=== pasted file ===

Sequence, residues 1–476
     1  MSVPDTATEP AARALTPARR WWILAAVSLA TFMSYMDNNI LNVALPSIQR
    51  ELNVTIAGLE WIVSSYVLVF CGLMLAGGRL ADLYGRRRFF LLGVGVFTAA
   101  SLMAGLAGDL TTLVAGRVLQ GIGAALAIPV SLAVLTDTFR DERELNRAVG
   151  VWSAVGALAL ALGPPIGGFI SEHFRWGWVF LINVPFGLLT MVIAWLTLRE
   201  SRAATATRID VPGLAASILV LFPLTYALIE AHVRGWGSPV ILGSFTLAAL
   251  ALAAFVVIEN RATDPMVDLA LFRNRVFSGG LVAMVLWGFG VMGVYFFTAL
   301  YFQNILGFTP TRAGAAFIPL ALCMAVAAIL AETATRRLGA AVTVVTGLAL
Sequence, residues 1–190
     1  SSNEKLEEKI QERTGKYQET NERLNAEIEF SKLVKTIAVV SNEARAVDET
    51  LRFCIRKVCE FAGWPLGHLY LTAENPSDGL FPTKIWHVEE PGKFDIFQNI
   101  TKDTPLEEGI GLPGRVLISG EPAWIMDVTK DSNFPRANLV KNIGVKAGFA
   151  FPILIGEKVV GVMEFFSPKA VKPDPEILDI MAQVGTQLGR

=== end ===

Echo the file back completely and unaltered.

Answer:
Sequence, residues 1–476
     1  MSVPDTATEP AARALTPARR WWILAAVSLA TFMSYMDNNI LNVALPSIQR
    51  ELNVTIAGLE WIVSSYVLVF CGLMLAGGRL ADLYGRRRFF LLGVGVFTAA
   101  SLMAGLAGDL TTLVAGRVLQ GIGAALAIPV SLAVLTDTFR DERELNRAVG
   151  VWSAVGALAL ALGPPIGGFI SEHFRWGWVF LINVPFGLLT MVIAWLTLRE
   201  SRAATATRID VPGLAASILV LFPLTYALIE AHVRGWGSPV ILGSFTLAAL
   251  ALAAFVVIEN RATDPMVDLA LFRNRVFSGG LVAMVLWGFG VMGVYFFTAL
   301  YFQNILGFTP TRAGAAFIPL ALCMAVAAIL AETATRRLGA AVTVVTGLAL
Sequence, residues 1–190
     1  SSNEKLEEKI QERTGKYQET NERLNAEIEF SKLVKTIAVV SNEARAVDET
    51  LRFCIRKVCE FAGWPLGHLY LTAENPSDGL FPTKIWHVEE PGKFDIFQNI
   101  TKDTPLEEGI GLPGRVLISG EPAWIMDVTK DSNFPRANLV KNIGVKAGFA
   151  FPILIGEKVV GVMEFFSPKA VKPDPEILDI MAQVGTQLGR